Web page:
2. Spend time talking to and listening to native speakers. Preferably native speakers who speak conversational, but not overly slangy, German, and preferably not a strong dialect. Luckily, most college-aged people fit these criteria. (In many places, older people generally speak dialect and this will probably lead either to confusion or to you picking up the dialect!) What you want to do is to get an idea of how people really talk, and to pick up some useful phrases and pronunciations that are commonly used but are probably not in standard textbooks.

Native speakers’ everyday speech is generally less crystal clear than “textbook” German (z.B. saying something closer to “ham” or “hab’n” than “haben”), and far fewer end consonants are voiced in German than in English. This is the kind of thing you learn and grow accustomed to by listening to real, live Germans! And, of course, these relationships will give you a chance to practice your speaking skills.

3. Fake it ’til you make it. I was always petrified to talk in German class because I knew I was pronouncing things wrong… especially those damn R’s. It did not help that my German name in German 1 was “Britta”… I couldn’t even pronounce my own name correctly (and I picked it!!). At some point in college, where our professors expected us to speak a lot more in class, I knew I just had to do it… approximate the R sound the best that I could and hope that people would buy it. At the time, this led to my R’s sounding a lot like L’s… but at least I was saying the words!

Over the years, the sound has gotten easier, more natural, and closer to what it should really sound like. There are still some words heavy on R and CH that I may never say with full Germanity*, but I’ve come a long way since the days of my botched German name freshman year of high school. (Vis: I used to exclusively introduce myself as being from “den USA” because that avoided the R sound in “Amerika.” But now, I am more or less comfortable with either, although “die USA” is more geographically accurate.)

4. Sing! One of the best things I have done to improve my German accent is to sing in German on a regular basis! In case you didn’t have enough reasons to go to church while abroad… here’s another one! German hymns are perfect for practicing your German pronunciations. They contain a variety of important and common words and sounds; they are often repetitive so you can reinforce correct pronunciations; and because singing is much more deliberately metered than speaking, your pronunciations will be careful and intentional.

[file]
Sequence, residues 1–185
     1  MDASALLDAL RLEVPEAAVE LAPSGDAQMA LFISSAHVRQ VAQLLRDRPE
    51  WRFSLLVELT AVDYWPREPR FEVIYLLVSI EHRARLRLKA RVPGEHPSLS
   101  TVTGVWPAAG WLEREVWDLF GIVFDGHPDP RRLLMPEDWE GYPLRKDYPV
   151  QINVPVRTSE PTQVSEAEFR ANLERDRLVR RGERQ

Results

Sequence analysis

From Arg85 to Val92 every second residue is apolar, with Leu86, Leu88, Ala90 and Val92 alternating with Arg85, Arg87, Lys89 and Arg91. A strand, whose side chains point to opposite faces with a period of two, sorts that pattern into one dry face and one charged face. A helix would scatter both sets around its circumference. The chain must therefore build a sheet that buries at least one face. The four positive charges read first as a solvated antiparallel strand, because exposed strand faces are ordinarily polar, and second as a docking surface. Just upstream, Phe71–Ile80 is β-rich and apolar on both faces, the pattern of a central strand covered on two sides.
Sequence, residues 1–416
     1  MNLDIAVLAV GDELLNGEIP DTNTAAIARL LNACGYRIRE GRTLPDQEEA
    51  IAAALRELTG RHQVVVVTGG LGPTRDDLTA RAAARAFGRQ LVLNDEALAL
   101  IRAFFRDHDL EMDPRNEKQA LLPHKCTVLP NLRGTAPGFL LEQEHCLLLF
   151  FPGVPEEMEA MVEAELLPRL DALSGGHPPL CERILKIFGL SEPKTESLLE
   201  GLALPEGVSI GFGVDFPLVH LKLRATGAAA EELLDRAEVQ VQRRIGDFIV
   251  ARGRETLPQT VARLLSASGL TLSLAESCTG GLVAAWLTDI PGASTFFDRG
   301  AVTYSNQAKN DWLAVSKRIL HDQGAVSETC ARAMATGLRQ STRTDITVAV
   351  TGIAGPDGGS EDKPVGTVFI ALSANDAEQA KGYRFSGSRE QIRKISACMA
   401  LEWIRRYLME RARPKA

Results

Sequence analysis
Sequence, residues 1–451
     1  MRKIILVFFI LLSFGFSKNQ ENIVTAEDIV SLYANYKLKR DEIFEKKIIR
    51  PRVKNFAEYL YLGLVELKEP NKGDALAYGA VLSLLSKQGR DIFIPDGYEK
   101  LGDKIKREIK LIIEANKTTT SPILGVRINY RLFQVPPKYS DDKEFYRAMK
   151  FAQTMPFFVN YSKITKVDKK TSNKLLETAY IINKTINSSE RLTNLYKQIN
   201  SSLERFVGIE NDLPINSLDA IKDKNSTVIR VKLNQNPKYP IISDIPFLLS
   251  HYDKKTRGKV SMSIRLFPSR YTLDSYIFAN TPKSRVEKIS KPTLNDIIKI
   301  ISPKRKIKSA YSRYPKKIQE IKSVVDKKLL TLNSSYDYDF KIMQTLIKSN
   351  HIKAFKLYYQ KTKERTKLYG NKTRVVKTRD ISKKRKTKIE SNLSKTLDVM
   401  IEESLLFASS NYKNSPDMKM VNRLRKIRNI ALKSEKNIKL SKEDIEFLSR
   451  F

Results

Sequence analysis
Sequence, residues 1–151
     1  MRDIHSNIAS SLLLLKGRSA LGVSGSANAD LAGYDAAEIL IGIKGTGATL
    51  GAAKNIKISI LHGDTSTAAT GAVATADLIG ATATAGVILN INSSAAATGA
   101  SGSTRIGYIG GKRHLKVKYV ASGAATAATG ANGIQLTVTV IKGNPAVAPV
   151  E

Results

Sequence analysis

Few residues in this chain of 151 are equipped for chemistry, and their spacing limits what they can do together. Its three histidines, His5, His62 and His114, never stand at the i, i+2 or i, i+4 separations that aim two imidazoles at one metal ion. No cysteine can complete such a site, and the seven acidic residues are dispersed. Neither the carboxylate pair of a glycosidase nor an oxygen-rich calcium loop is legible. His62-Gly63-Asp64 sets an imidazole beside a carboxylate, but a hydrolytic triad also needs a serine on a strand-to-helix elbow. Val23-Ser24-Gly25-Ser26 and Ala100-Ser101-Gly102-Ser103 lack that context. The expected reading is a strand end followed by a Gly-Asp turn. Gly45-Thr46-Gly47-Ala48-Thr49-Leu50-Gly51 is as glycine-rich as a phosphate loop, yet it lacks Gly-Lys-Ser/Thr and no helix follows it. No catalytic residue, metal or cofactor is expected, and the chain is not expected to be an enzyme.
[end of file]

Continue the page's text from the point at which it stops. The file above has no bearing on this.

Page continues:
Because an entire congregation is singing along with you, it is a safe environment: no one will be able to hear you experimenting with different pronunciations or making mistakes along the way.  Plus, you’ll be able to hear everyone else singing the same words, so you’ll know if you’re doing something vastly wrong! I have been able to overcome a lot of insecurities about my German accent by singing the hymns and participating in Mass responses every week. As a bonus, German hymns are incredibly beautiful and I’m glad I’ve gotten to learn some of them! (Here is one of my favorites from the Christmas season, and this one is a German translation of Adoro te devote by St. Thomas Aquinas.)

5. Repetition, repetition, repetition. This all takes patience and lots of practice.  A fellow DAAD scholarship holder I met in Braunschweig told us that, after being made fun of for his American accent, he would spend hours in his room practicing. Apparently he practiced the infamous guttural R sound so much that he gave himself a sore throat! But it appears to have paid off because his accent is impeccable. Don’t give up hope… if you are really motivated to improve your German accent, you can make it happen!

And here’s another Ben & Jerry’s commercial, because they’re fun!

*This is a made up word, obviously, but I guess making up your own words goes along with the spirit of “Fake it ’til you make it.”